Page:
Why: "the wind lets up" is incorrect. (I'm not a native English speaker)


"Lets" is present tense.


To "let up" is American English, although International English speakers would understand it.


I wouldn't. :-) But now I do. :-)


ließ is probably in the past tense, that's why. i have no idea what "wind let up" means thoh.


It means that the wind dies down (gets less).


Could someone please tell me what the present tense form of this verb is, cause I've never encountered it before. And is it a separable verb?


I really wish Duolingo would properly explain separable verbs.like this


Duden lists "ließ nach" and "lässt nach". Are they both acceptable variants of 3rd person preterite?


ließ from Lassen.?


Yes, exactly: nachlassen: to abate, decline, let up, decrease..........etc (separable)


I thought nachlassen was more usually to do with excitement or noise and that when one was describing the wind dying down, it might be more appropriate to use sich legen. Any thoughts?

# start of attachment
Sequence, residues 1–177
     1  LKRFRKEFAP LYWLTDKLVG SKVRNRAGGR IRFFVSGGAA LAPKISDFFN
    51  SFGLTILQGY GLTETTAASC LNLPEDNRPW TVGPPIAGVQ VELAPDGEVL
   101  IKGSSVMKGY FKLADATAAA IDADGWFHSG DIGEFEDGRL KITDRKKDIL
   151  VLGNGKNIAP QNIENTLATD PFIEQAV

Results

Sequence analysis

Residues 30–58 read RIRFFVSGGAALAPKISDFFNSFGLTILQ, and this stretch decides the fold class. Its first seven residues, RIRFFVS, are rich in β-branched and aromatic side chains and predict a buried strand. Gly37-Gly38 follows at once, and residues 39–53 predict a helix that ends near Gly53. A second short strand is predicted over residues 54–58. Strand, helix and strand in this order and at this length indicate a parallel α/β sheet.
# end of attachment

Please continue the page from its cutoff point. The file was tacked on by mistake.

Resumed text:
I've seen the expression "der Wind ließ nach" in several places before seeing it here in DL. But your suggestion of "sich legen" in place of "nachlassen" seems pretty valid. I get the general impression, though, that "nachlassen" describes a slightly more gradual process.


Doesn't "The wind is easing" mean the same thing?


Sort of! But I'd say it implies a lesser fall off than "dies down" If the wind dropped 5%, I'd say it was "easing". If it dropped 70%, I'd say it was "dying down".


Can I use the verb verringern here? Der Wind verringerte.